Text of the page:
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Wednesday Apr 25, 2012

All eyes on court amid battle against Joburg e-tolling

Gauteng motorists will have to wait a few more hours before finding out if an urgent interdict to postpone e-tolling has been successful or not.

After hearing an entire day of arguments for and against the urgency of the application to stop the e-tolls, Judge Bill Prinsloo decided to hear replying affidavits today and to then make his judgment.

Before argument got under way, National Treasury joined Sanral and the Department of Transport to support the case for e-tolling, while Afriforum joined in opposition of the e-tolling.

The Road Accident Fund withdrew as a friend of the court.

Cosatu also had a legal representative at court, Paul Kennedy, SC, to observe the case to consider joining in at a later stage. Arguing that the case was not urgent, Sanral's legal representative David Unterhalter SC said the freeways were declared toll roads in 2008, so why the late application?

But the Opposition to Urban Tolling Alliance argued that Sanral had not revealed all the information, such as tariffs and other legalities before February this year. The court thus needed to consider this as the public's last chance to do away with what may be an illegal system.

The first order of the court was whether an extra affidavit which the alliance submitted regarding the late publication of tariffs should be heard by the court.

The alliance said in the affidavit that because exemptions would not be ready by April 30, e-tolling could not be considered ready to start.

But Unterhalter, Treasury's Jeremy Gauntlett SC and Department of Transport's Vincent Maleka SC all argued against the amendment being admitted by the court. They won with Judge Prinsloo striking the amendment off the court roll saying it could be heard at a later date.

The case then moved on to the urgent application. Unterhalter handed in all the State's notices since 2006 showing the process it had used to declare the roads toll roads and subsequent public consultation. In the past year the government had made it clear during all the e-toll commencement postponements that it was interrogating the tariffs and not the road tolling, he said.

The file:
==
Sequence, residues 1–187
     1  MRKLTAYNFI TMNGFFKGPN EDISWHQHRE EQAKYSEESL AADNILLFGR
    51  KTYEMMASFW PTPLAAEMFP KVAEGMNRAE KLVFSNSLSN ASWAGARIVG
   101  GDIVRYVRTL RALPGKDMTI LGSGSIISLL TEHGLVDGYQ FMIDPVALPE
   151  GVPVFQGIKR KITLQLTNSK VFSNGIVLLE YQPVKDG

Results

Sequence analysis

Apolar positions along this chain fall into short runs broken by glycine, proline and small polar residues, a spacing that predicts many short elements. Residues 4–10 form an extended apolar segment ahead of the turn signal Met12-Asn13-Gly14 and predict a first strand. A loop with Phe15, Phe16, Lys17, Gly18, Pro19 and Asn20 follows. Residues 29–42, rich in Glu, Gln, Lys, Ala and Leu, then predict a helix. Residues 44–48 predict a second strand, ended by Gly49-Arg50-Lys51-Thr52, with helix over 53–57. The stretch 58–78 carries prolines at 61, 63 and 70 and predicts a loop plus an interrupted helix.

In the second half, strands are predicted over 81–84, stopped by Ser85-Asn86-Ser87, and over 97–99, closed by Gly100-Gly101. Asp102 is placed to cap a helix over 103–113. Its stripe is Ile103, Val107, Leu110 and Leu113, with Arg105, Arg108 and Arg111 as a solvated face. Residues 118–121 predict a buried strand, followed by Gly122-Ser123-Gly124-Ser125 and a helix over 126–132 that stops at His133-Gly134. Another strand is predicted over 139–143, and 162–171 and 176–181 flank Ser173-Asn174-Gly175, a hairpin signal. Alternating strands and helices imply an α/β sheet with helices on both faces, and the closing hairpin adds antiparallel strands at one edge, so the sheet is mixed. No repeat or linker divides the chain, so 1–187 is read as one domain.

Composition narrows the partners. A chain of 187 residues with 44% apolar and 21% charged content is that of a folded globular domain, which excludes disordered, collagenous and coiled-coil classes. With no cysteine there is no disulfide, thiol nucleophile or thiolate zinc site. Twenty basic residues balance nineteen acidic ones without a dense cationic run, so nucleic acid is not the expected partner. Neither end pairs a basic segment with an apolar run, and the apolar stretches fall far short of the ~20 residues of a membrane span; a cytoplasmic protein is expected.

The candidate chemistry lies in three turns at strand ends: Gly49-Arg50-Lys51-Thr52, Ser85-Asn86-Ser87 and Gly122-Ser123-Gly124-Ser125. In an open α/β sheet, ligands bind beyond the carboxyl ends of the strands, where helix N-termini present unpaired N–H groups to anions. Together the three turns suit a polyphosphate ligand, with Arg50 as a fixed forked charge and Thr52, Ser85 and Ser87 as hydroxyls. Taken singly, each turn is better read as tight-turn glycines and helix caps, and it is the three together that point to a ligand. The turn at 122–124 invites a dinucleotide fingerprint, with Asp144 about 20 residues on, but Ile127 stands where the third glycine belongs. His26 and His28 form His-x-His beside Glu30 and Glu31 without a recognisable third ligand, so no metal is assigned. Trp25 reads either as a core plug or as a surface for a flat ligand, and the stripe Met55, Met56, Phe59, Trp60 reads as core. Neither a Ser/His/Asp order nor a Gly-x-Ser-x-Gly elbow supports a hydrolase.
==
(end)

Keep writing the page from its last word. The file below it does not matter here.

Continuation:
Gauntlett argued that in its application the alliance expressed hopes that e-tolling would be scrapped, showing it had knowledge earlier than February this year about tolling. It should thus have brought the application earlier.

"Even on the alliance's website it says 'after months of consultation with our legal team'," Gauntlett said in his argument that the case not be considered urgent.

But the alliance's legal representative, Alistair Franklin, countered that because e-tolling was due to start in under a week the matter was urgent. He asked the judge to consider the enormous public interest in the case. "Don't close the door in the face of the public."

Franklin said e-tolling could not be considered formal until tariffs were announced, which only happened earlier this month. If etolling was allowed to start, the "horse would have bolted" and the system could be illegal, he said.

Franklin's two main arguments regarding the illegality of the system were that the collection costs were as high as the cost of building the roads and the system was impractical. Collection costs of up to R20 billion were estimated, but both Sanral and the transport minister refused to divulge the true cost of the collection fee, he said.

"Why will they not give us or the court this information," he asked. "Simply because (it) will show the unreasonableness of the system."

On the impracticality of the system, he said if only 7 percent of road users were not compliant Sanral would have to issue 70 000 summonses a day.

Pretoria News


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